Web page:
First Drive BMW 320d
An excellent kind of predictability
BMW 320d Sport
Engine: 2.0-litre four-cylinder turbo-diesel
Transmission: six-speed manual
Power: 184 PS
Torque: 380 Nm
Fuel consumption (combined cycle): 61.4 mpg
CO2 emissions: 120 g/km
Top speed: 146 mph
Acceleration (0-62 mph): 7.5 seconds
The new BMW 3-Series represents a predictable development of its predecessor. Every aspect of the car's performance has been edged forward a bit and there are few surprises. But the low-key, gradual approach was the right one. It is difficult to think of any area in which the previous model, first introduced in 2005, felt dated or needed to fear comparisons with its rivals, a remarkable achievement given the rapid pace of improvement in today's motor industry.
BMW is in this fortunate position because the 2005 car made such a radical break with previous 3s. The company's then chief designer, Chris Bangle, was pushing through a radical update to the BMW look, and the deep sculpted curves and creases he introduced, often described as 'flame surfacing' didn't go down too well with some buyers to start off with. The fuss later died down and the 2005 3-Series sold very well, so the 2012 car's design represents for the most part a gentle evolution of that of its predecessor, at least from the A-pillar back. It's the frontal section that gets the biggest changes, with the bonnet getting a visual stretch as well as new, friendly-looking headlamps with unusual 'tear duct' extensions linking them directly to the traditional BMW kidney-shaped grille.
The new 3's interior will also be pretty familiar to anyone who spent any time in the old model – or in any other recent BMW for that matter. The emphasis is on understated efficiency, leavened in the case of my test car by flashes of red trim associated with the Sport package. The most important and welcome change is that the cabin feels just a bit roomier than before. This is partly the result of a two-inch stretch in the wheelbase, and, subjectively at least, I thought this 3-Series was the first one not to feel slightly pinched for space in comparison with its biggest rival, the Mercedes C-Class.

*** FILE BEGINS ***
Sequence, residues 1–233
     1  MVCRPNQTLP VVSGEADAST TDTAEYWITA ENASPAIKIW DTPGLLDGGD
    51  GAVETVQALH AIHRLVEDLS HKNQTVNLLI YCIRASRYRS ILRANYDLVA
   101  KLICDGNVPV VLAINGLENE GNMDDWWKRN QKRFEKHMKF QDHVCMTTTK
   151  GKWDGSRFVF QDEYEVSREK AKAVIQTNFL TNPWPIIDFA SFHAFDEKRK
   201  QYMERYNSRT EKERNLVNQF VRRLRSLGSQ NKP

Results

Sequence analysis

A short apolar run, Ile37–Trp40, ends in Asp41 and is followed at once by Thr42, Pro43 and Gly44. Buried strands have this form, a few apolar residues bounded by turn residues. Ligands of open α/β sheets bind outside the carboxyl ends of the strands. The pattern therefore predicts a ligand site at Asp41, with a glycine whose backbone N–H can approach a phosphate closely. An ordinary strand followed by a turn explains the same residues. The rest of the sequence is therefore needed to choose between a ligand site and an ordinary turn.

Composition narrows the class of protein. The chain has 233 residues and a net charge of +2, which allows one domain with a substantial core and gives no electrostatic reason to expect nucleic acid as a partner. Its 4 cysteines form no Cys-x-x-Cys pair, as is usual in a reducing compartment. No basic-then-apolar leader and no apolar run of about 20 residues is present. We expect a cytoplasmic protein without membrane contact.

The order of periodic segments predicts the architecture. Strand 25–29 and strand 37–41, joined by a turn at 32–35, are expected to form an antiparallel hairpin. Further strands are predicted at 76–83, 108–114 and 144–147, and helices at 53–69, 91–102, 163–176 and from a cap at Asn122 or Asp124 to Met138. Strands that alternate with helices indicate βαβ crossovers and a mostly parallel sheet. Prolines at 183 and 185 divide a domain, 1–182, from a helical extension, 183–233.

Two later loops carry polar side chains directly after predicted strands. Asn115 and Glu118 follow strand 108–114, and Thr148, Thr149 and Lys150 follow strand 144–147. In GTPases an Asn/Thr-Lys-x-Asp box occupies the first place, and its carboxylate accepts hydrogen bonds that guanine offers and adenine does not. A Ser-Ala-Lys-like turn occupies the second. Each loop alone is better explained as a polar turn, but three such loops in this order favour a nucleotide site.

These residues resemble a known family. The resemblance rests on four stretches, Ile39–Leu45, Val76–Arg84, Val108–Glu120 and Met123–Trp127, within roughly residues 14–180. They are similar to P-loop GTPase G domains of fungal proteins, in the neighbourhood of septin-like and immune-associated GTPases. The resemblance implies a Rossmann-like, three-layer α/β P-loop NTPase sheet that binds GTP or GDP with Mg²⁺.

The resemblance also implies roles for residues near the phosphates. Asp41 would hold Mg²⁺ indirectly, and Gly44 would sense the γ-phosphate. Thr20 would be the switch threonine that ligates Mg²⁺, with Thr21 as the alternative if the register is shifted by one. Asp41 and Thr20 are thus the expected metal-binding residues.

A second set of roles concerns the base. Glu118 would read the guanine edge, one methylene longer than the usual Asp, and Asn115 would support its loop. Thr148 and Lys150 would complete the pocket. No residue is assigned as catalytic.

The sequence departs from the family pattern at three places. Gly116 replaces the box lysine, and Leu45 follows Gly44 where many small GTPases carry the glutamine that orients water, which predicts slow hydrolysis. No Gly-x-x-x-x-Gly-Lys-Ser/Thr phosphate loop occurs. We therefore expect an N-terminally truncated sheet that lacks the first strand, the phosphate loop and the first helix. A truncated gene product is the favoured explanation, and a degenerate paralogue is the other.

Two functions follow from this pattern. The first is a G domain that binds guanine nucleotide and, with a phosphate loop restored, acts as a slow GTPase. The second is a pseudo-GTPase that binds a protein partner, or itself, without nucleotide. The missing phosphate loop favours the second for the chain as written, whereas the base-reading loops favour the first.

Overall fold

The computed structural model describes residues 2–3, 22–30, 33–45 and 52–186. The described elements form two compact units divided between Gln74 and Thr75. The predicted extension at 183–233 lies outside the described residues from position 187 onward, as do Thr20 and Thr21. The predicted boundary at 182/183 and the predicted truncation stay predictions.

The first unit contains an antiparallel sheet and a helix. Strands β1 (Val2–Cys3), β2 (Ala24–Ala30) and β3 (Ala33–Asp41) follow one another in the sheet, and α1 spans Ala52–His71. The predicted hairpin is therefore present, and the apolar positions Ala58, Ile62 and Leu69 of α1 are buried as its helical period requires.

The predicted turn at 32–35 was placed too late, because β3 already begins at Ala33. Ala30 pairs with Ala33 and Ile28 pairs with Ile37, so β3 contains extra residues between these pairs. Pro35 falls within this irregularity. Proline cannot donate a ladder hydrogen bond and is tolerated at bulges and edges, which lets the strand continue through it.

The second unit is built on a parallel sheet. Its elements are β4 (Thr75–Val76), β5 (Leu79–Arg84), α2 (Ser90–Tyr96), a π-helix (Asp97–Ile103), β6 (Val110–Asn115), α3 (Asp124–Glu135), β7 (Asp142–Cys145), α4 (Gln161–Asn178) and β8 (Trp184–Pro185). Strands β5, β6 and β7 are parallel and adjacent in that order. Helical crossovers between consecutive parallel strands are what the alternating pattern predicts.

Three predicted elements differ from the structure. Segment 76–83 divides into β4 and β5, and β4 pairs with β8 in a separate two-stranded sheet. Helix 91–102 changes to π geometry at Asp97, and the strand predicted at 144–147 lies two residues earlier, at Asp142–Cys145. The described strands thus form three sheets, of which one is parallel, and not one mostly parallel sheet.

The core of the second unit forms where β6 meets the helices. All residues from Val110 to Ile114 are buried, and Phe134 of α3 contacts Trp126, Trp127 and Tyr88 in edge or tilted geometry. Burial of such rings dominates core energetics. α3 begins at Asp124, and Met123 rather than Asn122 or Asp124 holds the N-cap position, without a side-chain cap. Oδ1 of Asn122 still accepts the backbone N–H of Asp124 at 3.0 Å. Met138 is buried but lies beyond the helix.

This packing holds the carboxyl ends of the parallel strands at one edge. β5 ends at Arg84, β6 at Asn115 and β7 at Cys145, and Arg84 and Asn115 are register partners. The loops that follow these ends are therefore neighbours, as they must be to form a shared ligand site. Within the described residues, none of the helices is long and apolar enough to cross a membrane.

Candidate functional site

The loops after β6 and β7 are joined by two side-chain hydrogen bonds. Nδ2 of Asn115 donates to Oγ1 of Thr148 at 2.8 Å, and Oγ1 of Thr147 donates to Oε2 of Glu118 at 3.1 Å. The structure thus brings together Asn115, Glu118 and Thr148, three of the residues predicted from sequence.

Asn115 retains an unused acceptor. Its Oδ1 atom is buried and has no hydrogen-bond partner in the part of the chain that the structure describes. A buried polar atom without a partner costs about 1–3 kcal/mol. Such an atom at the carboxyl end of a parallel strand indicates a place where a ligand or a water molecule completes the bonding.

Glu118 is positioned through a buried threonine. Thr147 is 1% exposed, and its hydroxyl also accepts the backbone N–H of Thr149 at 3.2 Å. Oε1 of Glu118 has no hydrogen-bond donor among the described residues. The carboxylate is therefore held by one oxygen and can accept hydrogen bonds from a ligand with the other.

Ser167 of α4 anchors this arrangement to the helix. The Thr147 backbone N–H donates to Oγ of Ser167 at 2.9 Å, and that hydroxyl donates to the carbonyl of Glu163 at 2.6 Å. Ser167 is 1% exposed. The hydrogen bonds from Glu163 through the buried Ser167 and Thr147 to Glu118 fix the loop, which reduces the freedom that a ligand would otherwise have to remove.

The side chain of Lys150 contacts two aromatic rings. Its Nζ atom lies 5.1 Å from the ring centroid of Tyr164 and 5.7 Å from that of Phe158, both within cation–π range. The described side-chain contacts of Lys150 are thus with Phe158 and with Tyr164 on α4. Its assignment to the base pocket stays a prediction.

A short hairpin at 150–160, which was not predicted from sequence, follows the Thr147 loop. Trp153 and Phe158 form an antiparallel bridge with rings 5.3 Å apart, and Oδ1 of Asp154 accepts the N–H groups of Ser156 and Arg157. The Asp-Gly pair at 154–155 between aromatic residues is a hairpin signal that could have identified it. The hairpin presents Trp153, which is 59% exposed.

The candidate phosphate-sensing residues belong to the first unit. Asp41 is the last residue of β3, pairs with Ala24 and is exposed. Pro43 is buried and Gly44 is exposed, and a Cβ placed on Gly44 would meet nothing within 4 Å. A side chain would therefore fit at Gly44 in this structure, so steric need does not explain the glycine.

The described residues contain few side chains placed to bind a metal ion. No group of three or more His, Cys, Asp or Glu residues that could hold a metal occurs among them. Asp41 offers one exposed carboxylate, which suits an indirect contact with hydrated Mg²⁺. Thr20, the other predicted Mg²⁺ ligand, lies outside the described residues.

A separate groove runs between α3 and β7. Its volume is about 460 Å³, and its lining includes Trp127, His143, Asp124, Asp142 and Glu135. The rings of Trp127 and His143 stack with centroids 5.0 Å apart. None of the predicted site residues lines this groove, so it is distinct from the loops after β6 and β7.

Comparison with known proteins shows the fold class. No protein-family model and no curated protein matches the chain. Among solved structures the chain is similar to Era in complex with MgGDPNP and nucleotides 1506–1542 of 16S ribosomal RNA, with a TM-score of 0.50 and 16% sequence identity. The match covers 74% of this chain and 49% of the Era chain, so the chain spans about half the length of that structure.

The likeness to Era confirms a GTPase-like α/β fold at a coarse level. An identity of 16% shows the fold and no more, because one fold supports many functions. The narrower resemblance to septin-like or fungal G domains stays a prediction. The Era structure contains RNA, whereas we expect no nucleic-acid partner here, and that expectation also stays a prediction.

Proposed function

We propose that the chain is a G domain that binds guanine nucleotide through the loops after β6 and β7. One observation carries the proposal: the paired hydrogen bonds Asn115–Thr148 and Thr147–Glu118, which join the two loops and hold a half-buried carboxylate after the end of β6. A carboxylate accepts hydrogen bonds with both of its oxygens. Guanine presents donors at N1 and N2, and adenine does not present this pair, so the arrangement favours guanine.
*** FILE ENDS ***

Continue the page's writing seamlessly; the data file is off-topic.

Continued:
Most new 3s will have four-cylinder engines rather than the straight-sixes that used to be considered the mark of a 'proper' BMW. That means the modern cars have a bit less character, but nobody who buys one is going to complain about their outright performance. During the last model cycle, BMW devoted most of its attention to its diesel engines, which were developed under the company's EfficientDynamics programme to achieve outstanding CO2 and fuel consumption figures. This time the effort has mainly been on the petrol side, with the 328i getting a two-litre turbocharged four-cylinder engine which replaces the 3.0-litre six fitted to the last-generation model that carried the same badge. Performance, fuel economy and emissions are all improved.
I drove the 320d, likely to be one of the most popular choices in the new range, especially for company car users. The two-litre diesel now produces over 180 horsepower, which provides very strong real-world performance indeed. Mid-range acceleration, helped by 320Nm of torque, is especially impressive, and once you get the 320d moving along at a decent speed you rarely need to shift out of the long, relaxed sixth gear. Over the course of almost 2,000 miles, according to the 320d's on-board computer, I achieved an outstanding 57 MPG; I drove normally for about two-thirds of that distance, while for the remaining third I drove gently, following the fuel-saving advice of the car's systems. One slightly surprise; on start-up and under hard acceleration, the 320d can feel and sound a lot more raucous than some cheaper diesels, although at all other times, noise levels and vibration are extremely well suppressed. In dynamic terms, the new 3 is superb, with smooth, fluent, sharp steering and very high levels of grip and body control.
So that's the new BMW 3-Series. Predictable, perhaps, but predictably excellent, too.
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